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President Uhuru Kenyatta’s message to the 34 judges after they were officially sworn in

President Uhuru Kenyatta on Friday, June 4, 2021 presided over the swearing in ceremony of the recently gazetted 34 judges at State House, Nairobi.

In his address during the ceremony, the Head of State urged the judges to ensure fidelity to the rule of law and to always remember that they are bound by the Constitution.

“I congratulate you, individually and collectively, on your appointments. Indeed as you assume your respective higher offices as judges of the Court of Appeal, the Environment and Land Court, and the Employment and Labour Relations Court, mine is to ask you to serve the people of Kenya with unfailing integrity and commitment,” Uhuru said.

“That your actions and decisions be guided slowly on unbiased and faithful application of the Constitution and our written laws, our principles and values as a nation and the overriding interest of justice. Ladies and gentlemen, to serve in a State office is a deeply demanding task, many new burdens will be placed on your shoulders, the public expectations of you will be very high, and obstacles will be thrown along your path.”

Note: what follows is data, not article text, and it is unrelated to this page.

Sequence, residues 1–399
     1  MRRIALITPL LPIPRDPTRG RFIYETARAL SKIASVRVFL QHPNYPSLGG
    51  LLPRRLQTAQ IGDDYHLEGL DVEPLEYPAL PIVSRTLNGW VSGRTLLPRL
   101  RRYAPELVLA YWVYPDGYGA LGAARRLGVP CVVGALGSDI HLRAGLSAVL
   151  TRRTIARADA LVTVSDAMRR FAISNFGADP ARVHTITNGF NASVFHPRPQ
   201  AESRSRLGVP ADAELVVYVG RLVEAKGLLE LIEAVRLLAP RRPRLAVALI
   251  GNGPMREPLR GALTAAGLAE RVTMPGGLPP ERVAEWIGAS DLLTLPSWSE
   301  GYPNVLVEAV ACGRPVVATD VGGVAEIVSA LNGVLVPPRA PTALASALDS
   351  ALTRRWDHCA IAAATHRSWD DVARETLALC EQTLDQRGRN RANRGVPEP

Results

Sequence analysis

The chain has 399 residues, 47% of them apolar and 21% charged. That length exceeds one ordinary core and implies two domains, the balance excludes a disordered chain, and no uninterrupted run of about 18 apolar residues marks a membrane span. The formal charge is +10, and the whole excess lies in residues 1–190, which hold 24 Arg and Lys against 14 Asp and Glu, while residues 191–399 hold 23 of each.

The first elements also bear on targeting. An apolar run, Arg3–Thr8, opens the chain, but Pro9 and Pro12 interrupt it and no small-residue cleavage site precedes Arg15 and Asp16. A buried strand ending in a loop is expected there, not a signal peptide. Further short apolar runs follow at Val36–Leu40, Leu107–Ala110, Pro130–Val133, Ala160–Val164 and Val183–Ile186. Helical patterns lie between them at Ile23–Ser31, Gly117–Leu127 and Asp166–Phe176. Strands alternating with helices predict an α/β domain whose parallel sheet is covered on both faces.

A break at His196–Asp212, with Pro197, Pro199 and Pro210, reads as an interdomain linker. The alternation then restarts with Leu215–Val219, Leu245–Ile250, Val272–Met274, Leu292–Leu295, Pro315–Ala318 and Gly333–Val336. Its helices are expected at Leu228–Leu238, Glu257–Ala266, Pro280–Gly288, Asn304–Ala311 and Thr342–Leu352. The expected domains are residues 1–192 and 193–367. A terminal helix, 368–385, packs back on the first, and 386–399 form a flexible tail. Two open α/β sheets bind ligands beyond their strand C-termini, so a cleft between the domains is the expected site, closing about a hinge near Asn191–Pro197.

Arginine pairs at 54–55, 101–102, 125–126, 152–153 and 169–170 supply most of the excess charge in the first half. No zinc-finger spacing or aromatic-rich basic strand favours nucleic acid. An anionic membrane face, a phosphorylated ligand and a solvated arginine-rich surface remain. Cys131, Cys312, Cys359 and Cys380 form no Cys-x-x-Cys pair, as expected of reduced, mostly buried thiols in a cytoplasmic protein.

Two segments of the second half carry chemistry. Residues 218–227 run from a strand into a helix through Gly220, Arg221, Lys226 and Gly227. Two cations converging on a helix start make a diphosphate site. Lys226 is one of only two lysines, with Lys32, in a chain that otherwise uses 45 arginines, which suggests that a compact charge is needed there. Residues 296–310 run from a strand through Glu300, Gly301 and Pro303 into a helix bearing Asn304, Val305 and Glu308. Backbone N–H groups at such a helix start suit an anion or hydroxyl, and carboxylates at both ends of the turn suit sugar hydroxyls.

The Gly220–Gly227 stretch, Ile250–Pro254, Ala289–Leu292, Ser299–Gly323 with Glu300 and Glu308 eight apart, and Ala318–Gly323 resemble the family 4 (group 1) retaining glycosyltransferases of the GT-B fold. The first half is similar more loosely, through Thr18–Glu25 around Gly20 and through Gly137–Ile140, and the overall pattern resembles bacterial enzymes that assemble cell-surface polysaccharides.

“Having taken your oath of office, know that you now hold a special place in our Constitutional order and therefore my only advice to you is one: serve with dedication and with utmost fidelity to the oath that you have subscribed to. You’re the bastions of justice, defenders of liberty, instruments of law and order, guardians of the rule of law, and the embodiment of the hopes and dreams of our people.” He added.

The swearing in ceremony was presided over by the president and attended by prominent persons including; Chief Justice Martha Koome, President of the Court of Appeal Justice Daniel Musinga and other senior government officials.

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Written by Kennedy Omondi

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  1. The commission should be mandated to summon commanders and officers from any agencies, including the police, military and the KWS and any government officers believed to have information relevant to ensuring accountability for the abuses. The mandate of the commission should make it clear that no one should be able to claim immunity, or for whatever other reason refuse to appear before the commission, if summoned.  Further, unless the interest of justice dictates otherwise and only to the extent it is necessary for the purpose of criminal prosecution, the Commission’s findings should be made public. Otherwise they should be handed over to a judicial authority to pursue possible prosecutions.

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